Days of Magic, Nights of War is the book I had hoped Abarat would be – and then some! Abarat felt like an old fashioned travelogue, a book written solely to describe the people and the places that Candy encountered in her travels. Instead of advancing a story, the focus of each new chapter was seemingly to top the one before in terms of magic, weirdness, and the surreal. I found that I could put it down for weeks at a time (something I’ve never been able to do with a Barker book before), pick it back up, and effortlessly resume mid-paragraph. Not only that, but it felt . . . well, childish. I realise it’s meant as a young adult read, but so was The Thief of Always, and that was an all-night, single-setting read for me.
Fortunately, it seems Barker got the ‘Disney’ out of his system with Abarat, and is back to doing what he does best with Days of Magic, Nights of War. It’s still a story of magic, weirdness, and the surreal, but it’s just that – a real story. Here, we get into the thick of the plot, exploring who Candy really is, what brought her to the Abarat, and what role she has to play in its future. Things actually happen in this second volume, and there are consequences for all of it. What’s more, this is a much darker story than the first, allowing Barker’s imagination to shine.
The first book hinted at the evils of Christopher Carrion, and showed us glimpses of Mater Motley’s cruelty, but really restrained them. Here, Barker lets them loose, exposing their plans for the Abarat, and confronting us with the depths of their hatred, their cruelty, and their selfish vindictiveness. There’s a very real tension to this volume, a palatable sense of dread and danger that was missing from the first. As a result, I felt an emotional attachment to the characters that I hadn’t been able to form in the first, compelling me to read on, to cheer their triumphs, and to mourn their losses.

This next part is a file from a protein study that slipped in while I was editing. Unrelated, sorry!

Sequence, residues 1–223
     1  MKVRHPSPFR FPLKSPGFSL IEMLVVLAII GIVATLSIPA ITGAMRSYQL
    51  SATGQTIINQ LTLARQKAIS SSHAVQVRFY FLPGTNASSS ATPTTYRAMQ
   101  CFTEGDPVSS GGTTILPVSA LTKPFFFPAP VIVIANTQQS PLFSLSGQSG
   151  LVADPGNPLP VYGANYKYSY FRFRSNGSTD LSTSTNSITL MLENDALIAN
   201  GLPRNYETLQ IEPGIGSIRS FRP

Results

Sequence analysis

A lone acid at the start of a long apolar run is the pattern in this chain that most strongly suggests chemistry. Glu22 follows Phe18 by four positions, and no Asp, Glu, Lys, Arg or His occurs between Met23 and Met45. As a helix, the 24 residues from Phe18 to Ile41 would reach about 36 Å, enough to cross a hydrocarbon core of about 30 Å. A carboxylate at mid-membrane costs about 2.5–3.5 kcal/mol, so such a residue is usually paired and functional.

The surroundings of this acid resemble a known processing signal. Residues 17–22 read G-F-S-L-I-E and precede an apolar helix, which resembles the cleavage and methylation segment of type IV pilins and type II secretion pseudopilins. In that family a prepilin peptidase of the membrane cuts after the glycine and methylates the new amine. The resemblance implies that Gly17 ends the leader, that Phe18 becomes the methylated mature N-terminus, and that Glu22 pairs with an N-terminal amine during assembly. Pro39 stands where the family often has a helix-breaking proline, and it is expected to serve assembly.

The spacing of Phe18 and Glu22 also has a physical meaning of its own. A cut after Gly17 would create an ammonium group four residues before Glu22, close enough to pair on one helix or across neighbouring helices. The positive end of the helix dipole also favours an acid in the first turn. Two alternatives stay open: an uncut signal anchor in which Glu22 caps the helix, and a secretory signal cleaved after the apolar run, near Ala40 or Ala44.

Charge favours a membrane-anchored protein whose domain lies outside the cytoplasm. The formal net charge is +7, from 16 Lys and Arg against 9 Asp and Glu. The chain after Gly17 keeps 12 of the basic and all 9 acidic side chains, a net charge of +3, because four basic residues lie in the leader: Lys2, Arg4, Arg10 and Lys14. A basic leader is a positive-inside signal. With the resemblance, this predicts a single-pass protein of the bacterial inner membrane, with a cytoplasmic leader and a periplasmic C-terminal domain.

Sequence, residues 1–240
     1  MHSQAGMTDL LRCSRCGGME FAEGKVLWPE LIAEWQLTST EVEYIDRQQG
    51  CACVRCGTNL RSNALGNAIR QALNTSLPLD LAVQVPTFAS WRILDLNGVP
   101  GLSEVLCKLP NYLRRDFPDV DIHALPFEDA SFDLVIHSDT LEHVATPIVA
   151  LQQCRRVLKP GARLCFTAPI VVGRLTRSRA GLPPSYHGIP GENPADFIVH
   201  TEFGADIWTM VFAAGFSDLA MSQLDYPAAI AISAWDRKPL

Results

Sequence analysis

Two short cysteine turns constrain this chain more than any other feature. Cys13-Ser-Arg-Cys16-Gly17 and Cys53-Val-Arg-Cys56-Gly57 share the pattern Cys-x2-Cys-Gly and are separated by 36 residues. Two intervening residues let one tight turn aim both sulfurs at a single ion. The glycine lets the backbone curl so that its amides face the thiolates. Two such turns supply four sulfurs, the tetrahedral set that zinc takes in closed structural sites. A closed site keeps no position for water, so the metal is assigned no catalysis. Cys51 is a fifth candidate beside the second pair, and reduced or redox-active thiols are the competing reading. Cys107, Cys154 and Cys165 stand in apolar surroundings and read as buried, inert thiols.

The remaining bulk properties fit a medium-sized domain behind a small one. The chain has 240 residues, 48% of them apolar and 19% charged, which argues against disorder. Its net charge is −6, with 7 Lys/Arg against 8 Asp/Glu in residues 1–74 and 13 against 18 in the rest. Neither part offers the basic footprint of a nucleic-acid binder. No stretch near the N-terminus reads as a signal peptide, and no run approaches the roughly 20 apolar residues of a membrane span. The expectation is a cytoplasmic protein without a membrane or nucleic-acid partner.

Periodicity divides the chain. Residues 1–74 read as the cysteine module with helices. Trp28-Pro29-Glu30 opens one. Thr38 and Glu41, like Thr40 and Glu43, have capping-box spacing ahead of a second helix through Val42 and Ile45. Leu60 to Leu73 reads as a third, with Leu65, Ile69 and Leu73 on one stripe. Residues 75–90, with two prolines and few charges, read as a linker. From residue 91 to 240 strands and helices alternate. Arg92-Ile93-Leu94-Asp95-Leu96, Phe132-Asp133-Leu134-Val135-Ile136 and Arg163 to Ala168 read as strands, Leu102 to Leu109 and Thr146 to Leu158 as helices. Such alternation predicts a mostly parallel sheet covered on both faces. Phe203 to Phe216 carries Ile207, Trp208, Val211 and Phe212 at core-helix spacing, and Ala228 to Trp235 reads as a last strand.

I also liked the fact that we returned to the ‘real’ world in this book. I think it was the development of events outside the Abarat, and the progression of the stories there added something to the book I didn’t realise was lacking. Maybe it’s the contrast, or maybe it’s the connection, but returning to Chickentown turned this from a good read to a great one. There’s still a wonderful fairy tale of fable feel to the Abarat, especially with the developing backstory and the new aspects of the mythology, and I hope Barker never loses that.
However, I like this darker turn towards events of significance, and I really hope Absolute Midnight carries that forward. Of course, if you’ve read the series then you understand that the title alone promises things aren’t about to get happy any time soon.